phonics 1

Phase 3

Phase 3 introduces children to the remaining, more difficult and/or less commonly used phonemes. By the end, they should be able to say the sound made by most, or all, Phase 2 and 3 graphemes, blend and read CVC words made from these graphemes, read 12 new tricky words and write letters correctly when given an example to copy.

phonics 2

Phase 4

In Phase 4 phonics, children will

  • Practise reading and spelling CVCC words (‘bump', 'nest',‘belt,’ ‘milk’, etc)
  • Practise reading and spelling highfrequency words
  • Practise reading and writing sentences
  • Practise trickier blends
  • Learn more tricky words, including ‘have,’ ‘like,’ ‘some,’ ‘little’

Children should now be blending confidently to work out new words. They should be starting to be able to read words straight off, rather than having to sound them out. They should also be able to write every letter, mostly correctly. 

phonics 3

Phase 5

Children learn new graphemes (different ways of spelling each sound) and alternative pronunciations for these: for example, learning that the grapheme ‘ow’ makes a different sound in ‘snow’ and ‘cow’.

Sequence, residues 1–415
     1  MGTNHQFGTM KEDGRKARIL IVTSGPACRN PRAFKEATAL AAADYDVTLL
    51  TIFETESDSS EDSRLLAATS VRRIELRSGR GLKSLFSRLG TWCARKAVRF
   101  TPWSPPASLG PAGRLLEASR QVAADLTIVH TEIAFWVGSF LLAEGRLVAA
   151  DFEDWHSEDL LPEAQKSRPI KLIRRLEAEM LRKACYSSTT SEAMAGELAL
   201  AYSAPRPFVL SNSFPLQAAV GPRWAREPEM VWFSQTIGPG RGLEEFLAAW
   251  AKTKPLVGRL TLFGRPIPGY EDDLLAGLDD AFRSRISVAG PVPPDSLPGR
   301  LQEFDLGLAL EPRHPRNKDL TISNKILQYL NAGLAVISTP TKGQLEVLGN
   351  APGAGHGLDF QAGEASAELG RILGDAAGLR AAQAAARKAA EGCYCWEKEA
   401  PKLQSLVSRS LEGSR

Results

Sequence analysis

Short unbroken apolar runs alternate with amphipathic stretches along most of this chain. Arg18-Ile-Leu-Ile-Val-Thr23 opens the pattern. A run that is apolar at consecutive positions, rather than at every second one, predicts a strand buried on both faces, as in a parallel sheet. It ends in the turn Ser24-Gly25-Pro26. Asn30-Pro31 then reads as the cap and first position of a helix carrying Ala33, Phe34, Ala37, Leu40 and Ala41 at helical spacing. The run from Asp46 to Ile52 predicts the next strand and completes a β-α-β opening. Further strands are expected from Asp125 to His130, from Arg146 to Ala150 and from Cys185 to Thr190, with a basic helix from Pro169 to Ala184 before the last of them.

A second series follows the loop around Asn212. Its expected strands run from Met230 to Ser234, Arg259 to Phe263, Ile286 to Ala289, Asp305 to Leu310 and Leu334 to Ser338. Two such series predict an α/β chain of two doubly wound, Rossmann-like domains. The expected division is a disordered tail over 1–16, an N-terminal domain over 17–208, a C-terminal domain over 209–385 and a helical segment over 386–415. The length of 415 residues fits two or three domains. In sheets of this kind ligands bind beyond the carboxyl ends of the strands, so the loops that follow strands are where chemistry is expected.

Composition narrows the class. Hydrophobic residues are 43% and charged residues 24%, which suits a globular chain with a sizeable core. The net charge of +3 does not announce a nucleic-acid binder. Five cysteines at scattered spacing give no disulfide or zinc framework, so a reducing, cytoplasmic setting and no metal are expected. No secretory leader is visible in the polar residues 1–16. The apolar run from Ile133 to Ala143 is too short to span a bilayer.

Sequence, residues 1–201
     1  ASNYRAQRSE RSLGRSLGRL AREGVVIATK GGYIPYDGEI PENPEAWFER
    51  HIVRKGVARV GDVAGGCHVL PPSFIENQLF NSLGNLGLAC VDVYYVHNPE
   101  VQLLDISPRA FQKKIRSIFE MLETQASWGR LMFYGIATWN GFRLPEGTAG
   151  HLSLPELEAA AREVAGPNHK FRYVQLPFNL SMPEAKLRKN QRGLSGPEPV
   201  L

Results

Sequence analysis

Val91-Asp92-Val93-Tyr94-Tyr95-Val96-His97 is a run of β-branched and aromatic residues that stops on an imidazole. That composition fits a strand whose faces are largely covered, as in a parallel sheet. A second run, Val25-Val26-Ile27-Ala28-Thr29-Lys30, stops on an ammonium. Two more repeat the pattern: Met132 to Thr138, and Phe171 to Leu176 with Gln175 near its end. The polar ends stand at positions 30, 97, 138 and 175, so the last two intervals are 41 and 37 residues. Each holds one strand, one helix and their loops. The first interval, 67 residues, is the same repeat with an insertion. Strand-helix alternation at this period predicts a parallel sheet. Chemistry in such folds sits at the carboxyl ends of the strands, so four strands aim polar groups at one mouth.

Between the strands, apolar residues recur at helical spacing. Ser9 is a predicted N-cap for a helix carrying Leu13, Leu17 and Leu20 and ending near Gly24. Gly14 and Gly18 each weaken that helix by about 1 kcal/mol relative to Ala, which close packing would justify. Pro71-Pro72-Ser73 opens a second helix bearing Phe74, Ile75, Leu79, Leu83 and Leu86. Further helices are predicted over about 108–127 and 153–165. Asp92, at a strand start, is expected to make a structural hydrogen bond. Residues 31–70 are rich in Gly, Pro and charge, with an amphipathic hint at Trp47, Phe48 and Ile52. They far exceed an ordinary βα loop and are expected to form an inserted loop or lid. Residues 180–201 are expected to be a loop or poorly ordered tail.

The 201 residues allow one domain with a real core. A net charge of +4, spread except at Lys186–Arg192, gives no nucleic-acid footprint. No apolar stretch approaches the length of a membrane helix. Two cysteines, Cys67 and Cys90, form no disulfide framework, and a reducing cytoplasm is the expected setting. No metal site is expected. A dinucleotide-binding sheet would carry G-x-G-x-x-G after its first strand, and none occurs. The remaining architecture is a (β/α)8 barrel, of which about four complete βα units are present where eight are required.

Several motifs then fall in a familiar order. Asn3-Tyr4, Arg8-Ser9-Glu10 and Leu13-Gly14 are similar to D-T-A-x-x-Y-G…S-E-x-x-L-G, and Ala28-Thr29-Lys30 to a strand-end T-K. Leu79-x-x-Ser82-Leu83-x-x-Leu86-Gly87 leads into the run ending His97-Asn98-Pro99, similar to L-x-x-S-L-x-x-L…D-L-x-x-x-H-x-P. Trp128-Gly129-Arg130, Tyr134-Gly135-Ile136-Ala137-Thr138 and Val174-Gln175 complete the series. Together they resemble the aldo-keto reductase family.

They should become quicker at blending, and start to do it silently.

They learn about split digraphs (the ‘magic e’) such as the a-e in ‘name.’

They’ll start to choose the right graphemes when spelling, and will learn more tricky words, including ‘people,’ ‘water’ and ‘friend’. They also learn one new phoneme: /zh/, as in ‘treasure.’

phonics 4

Fun ways to practise phonics with your child

  • Make letter-sounds and have your children write the letter or letters that match the sounds.
  • Play word games that connect sounds with syllables and words (for example, if the letters "p-e-n" spellpen, how do you spellhen?).
  • Write letters on cards. Hold up the cards one at a time and have your children say the sounds (for example, the /d/ sound for the letterd).